Awfully good writing about awful people. This can be said of the Flannery O'Connor Award for Short Fiction's namesake as well as the award's 1992 recipient. Commonality beyond these two broad distinctions, however, if they exist, are hard to find
The late Ms. O'Connor's style follows one of the basic commandments of good writing: she shows us what's happening. She doesn't tell us Grandmother is a domineering, self-centered hypocrite. We get to watch the old gal in action, bossing her unattractive family around to suit her fancy. In his winning collection of stories, The Consequences of Desire, we see little outward action involving Dennis Hathaway's characters. But inside their heads, oh, mercy. We're immersed in the kaleidoscopic battling of their thoughts and emotions.
Themewise the stories could hardly be further apart—on the surface. O'Connor, while keeping obvious signposts of her Roman Catholicism deeply camouflaged in subtlety, pushes her characters to extremes of happenstance, including death, where their mortal actions can bring them heavenly grace. Religion or spiritual faith are absent from Hathaway's tales. His self-absorbed characters invariably find their dreams, their hopes, their desires coming up short or crashing to pieces when they find themselves face to face with stark reality. Teenager Justine feels the dream she's had most of her life of becoming a private eye blink out when she loses her nerve tailing a mysterious stranger into a rough part of town.
The characters' awfulness is different, too. O'Connor wrote about cripples, criminals, freaks and nitwits—people she lived among in her native rural Georgia, a type that came to be known in literary circles as “southern grotesque.” Hathaway's people are Californians, mostly middle class--artisans and professionals—most of them unlikable in a sleeker, sorrier way. Because of her youthful innocence Justine is the least repugnant of the bunch. The sorriest is Paul Westerly, a mediocre architect who flees inwardly to insanity when his more talented former assistant surpasses him professionally.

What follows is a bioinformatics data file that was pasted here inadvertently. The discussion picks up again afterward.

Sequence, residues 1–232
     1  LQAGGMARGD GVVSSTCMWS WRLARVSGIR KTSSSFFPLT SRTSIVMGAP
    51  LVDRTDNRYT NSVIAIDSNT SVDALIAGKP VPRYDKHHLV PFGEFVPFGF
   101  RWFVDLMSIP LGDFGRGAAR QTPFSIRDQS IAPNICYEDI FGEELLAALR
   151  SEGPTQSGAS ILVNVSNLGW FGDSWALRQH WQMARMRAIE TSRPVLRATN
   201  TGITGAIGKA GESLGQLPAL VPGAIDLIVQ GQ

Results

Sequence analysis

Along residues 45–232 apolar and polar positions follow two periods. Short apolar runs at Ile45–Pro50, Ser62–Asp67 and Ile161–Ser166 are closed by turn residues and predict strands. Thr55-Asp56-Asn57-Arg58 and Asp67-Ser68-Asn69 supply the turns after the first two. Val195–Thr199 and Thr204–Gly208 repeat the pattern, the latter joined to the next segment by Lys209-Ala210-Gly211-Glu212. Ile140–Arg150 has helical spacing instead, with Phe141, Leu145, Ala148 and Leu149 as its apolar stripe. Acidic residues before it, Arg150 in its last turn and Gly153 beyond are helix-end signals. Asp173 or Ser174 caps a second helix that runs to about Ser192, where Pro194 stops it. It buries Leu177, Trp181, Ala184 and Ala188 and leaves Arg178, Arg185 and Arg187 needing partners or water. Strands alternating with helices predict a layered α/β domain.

Of the eleven stories in The Consequences of Desire the most engaging for me was the title story. This in part because the two main characters get equal time with us. Viewpoints in the other stories are limited to one, and in all but one the character who lets us into his head is male. And these males spend more energy silently dithering than executing. They are all Hamlet. The man in The Consequences of Desire, the story, has a tad more chutzpah than the others:
He stood in the shadow of an awning, watching a woman in a green dress waiting to cross the street, and in a characteristic way he calmly considered opposing courses of action—stepping into the sunlight and calling her name, remaining in the shadow until she crossed the street and faded from sight. Although he hadn't seen her for years he was certain she was the girl he had marched with down this very street, the girl whose hand he had held while singing an anthem whose words he didn't care to recall, the girl he had lived with briefly in a commune deep in the woods. She was heavier, he thought, and softer than the girl whose image was that of a fairy dancing in the firelight, dark and lithe and uninhibited. He observed that her face looked slightly drawn, as if by permanent tension and anxiety, and finally he abandoned the shadow, reached out to touch her arm and say, “You remember me, don't you?”